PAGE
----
Cancer and the immune system – illustrated! (Part 3: T cell transfer therapies)

In Part 1 and Part 2, we overviewed the natural immune response to cancer, monoclonal antibody therapies, and cancer treatment vaccines. This time we’re talking about taking out a patient’s own anti-tumor cells, equipping them for a good fight, and putting them back in! We call these T cell transfer therapies.

One historical approach has been to isolate a patient’s own anti-tumor T cells that have infiltrated a tumor, culture them in a petri dish to re-awaken them and pump them up (since cancer cells tend to suppress healthy T cells that are trying to fight them).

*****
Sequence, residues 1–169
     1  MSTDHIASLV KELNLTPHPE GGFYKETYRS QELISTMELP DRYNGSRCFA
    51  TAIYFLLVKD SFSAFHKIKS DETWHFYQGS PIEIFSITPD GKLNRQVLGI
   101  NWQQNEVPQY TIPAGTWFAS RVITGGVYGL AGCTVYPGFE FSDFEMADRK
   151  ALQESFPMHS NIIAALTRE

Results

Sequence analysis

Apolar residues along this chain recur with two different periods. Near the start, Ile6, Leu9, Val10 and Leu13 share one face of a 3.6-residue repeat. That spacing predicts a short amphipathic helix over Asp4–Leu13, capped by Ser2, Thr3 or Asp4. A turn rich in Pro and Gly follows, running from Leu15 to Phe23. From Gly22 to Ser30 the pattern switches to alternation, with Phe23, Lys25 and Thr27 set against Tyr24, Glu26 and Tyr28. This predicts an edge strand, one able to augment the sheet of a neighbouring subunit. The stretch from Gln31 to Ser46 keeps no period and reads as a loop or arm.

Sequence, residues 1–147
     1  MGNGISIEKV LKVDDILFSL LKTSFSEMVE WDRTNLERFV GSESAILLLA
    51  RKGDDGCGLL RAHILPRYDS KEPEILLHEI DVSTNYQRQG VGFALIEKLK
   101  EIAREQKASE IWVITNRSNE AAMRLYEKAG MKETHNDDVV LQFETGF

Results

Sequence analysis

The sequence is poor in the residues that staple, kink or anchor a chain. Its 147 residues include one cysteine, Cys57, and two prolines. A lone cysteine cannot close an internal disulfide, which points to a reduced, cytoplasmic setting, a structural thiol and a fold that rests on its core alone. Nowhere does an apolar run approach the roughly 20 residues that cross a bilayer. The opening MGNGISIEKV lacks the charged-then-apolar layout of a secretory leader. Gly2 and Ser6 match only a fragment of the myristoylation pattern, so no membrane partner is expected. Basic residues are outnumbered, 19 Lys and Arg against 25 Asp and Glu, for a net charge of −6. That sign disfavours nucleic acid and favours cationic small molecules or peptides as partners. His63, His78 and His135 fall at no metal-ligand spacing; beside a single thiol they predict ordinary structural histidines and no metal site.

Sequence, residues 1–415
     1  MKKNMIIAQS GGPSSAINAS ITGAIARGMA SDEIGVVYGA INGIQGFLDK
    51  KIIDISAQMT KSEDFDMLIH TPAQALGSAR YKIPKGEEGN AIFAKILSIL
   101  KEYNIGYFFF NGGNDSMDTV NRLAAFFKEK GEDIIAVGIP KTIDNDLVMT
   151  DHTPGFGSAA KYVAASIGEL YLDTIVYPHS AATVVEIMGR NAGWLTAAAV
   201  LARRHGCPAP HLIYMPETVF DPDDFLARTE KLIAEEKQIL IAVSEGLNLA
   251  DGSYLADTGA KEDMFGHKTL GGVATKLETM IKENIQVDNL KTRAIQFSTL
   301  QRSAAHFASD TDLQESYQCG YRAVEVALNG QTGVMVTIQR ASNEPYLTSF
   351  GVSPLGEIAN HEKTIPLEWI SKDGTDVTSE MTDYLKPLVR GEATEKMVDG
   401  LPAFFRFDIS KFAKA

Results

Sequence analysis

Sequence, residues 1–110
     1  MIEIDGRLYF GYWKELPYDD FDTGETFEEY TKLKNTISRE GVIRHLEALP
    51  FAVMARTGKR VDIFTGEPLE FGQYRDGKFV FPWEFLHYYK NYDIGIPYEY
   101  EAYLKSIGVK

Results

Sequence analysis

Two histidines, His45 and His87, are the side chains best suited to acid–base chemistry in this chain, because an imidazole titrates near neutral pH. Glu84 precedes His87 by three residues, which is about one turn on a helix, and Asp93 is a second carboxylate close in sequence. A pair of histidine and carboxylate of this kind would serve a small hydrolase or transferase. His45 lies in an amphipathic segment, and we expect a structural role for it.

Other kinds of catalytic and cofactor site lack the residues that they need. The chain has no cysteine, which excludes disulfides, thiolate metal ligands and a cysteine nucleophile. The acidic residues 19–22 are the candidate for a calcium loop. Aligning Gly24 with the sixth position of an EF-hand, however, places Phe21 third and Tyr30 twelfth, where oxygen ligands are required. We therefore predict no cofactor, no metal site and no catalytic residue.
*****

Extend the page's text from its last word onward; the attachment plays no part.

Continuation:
A more recent approach has been to take out a patient’s T cells (irrespective of whether they specifically recognize the cancer cells), and to genetically engineer them to recognize cancer cells. These cells are then put back into the patient, and they are now programmed to get all fired up when they see their target. How does this work?

Introducing, the “CAR” T cell (“chimeric antigen receptor”):


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